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Free will?

  1. Jun 2, 2004 #1
    Does free will exist?
    according to Newton the universe is deterministic, and therefore free will does not fit into this. But since the advent of quantum physics, the universe is not said to be entirely deterministic, is there now room for free will? some physicists believe that the wave function of matter/light collapses when a living thing is conscious of it, could this be a sign of free will?
  2. jcsd
  3. Jun 2, 2004 #2


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    Doesn't the randomness of non-determined events rule out will? Free maybe, but I don't see how you can fit conscious volition into this.

    I think you're better off looking to feedback loops and non-linear causality if you're trying to find free will. Ask Canute about this.
  4. Jun 2, 2004 #3


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    I think you will have to look higher up (or is it lower down? bah) the food chain if you want to find scientific guidance on this problem; at least- biology, better- the cognitive sciences.

    Of course, there is another way to attack the problem. If anywhere, where would freewill exist? Can this freewill be limited in any way?

    Happy thoughts

    Or... if you would like a more direct answer- yes, it exists, and I have already told you this 73 times, now eat your pickles ;)
  5. Jun 3, 2004 #4
    just thought of this the other day also:

    Controling the future = free will
    Predicting the future doesnt nessecarily mean you can control the future(or have free will).
    But controling the future (free will) means you can predict the future.
    This is when A = B, but B doesnt always = A. Is this what they call duality?

    If i dream about a logically unforeseeable event in the future, it means that maybe i can avoid it, or maybe i cant. This has happened to me, and I didnt see it coming at all, but it came anyway. Could i have avoided it?, maybe, maybe not.
    B = A?, yes AND no???

    If i dream up a painting, and then choose to paint it, then thats my free will to control the future.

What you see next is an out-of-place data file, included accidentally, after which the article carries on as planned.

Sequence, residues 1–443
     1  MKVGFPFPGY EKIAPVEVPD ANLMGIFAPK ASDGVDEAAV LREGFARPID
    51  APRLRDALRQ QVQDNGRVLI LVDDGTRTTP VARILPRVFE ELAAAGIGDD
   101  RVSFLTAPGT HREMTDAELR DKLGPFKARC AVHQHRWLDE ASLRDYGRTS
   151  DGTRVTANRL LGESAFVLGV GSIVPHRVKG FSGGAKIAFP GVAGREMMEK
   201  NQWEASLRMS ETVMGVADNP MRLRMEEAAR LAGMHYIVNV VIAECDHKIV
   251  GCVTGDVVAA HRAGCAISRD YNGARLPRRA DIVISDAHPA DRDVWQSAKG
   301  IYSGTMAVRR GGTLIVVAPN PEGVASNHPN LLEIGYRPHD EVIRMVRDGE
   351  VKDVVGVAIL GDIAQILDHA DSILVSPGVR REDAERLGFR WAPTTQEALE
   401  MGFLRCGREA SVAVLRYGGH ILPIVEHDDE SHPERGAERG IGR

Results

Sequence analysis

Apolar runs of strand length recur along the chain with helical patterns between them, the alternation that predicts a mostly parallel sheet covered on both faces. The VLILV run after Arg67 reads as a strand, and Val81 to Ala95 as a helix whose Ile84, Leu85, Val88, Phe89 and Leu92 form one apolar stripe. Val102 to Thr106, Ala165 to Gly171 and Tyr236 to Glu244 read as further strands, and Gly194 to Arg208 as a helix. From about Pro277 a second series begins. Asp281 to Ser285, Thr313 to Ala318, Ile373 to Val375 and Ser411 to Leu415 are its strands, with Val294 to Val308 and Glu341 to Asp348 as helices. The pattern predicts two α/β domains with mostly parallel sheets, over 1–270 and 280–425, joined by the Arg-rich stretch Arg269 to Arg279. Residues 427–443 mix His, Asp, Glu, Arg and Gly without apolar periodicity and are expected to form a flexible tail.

A = B YES!
  6. Jun 3, 2004 #5


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    Where are all these Floridians coming from? Er, I mean, what is attracting so many of them to this forum? Strange.

    Anyway, the point is that an apple may not have any choice about the path it takes from the branch to the ground. But people are more complex than apples. One has to consider the emergent properties of the different levels of complexity. Physics is not the place to look for answers about human or animal "free will". If you want to learn about animals, study animals.

    mikesvenson makes the good point that people have the ability to look "before and after", remembering the past and imagining the future.
    People may be bound by physical laws, but their role does not need to be passive, like the apple. People can adjust their will to the laws and the laws to their will.

    I don't think a completely free will is desirable. For instance, I try to be reasonable and logical which adds more laws for me to follow. I am not completely free in my decisions or actions. But to say I am therefore a slave would be a jump, because I can recognize the difference between a slave and an employee. I remain here voluntarily and retain the option to quit.
    Of course, things don't have to be so dramatic; I can also choose what to eat for dinner or to what occupation I will devote my energies.
    Free will doesn't have to be all or nothing.

    Happy thoughts
  7. Jun 3, 2004 #6
    your right,
    of course, if i freely choose to jump off a biulding, i may not freely choose to not hit the ground, since i am bound by the physical laws of gravity, which is well beyond my everyday experiance of free-will. The question that comes to mind for me is, is free-will just a comfortable idea?, is the future predetermined? I think that free-will is a real thing to some extent. I think free-will is the voice of the soul (hopefully), and not just a complex self-aware human computer. I wonder if free-will is strong enough to defy the physical laws.
  8. Jun 3, 2004 #7


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    Do you mean that we could have Superhero abilities if we *really* wanted to? In our imagination, sure. But in reality, I think if it were possible, it would be happening.

    Do you mean "real" as in a physical or supernatural?

    Happy thoughts
  9. Jun 3, 2004 #8
    "Free will" is acausal and therefore impossible. Everything is equal-and-opposite cause-and-effect, or else you get something from nothing.
  10. Jun 4, 2004 #9


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    Well, if you say so then it must be true :rolleyes: Would you care to explain?
  11. Jun 4, 2004 #10
    I don't have "free will" and my death is predeterimed. But i am freely willing to reach my goals before that happens. :biggrin:
  12. Jun 5, 2004 #11
    (superhuman powers)i think i might be possible for a more advanced thinking human which does not exist yet. and if not, then at least possible in an afterlife free will is more flexible.(maybe)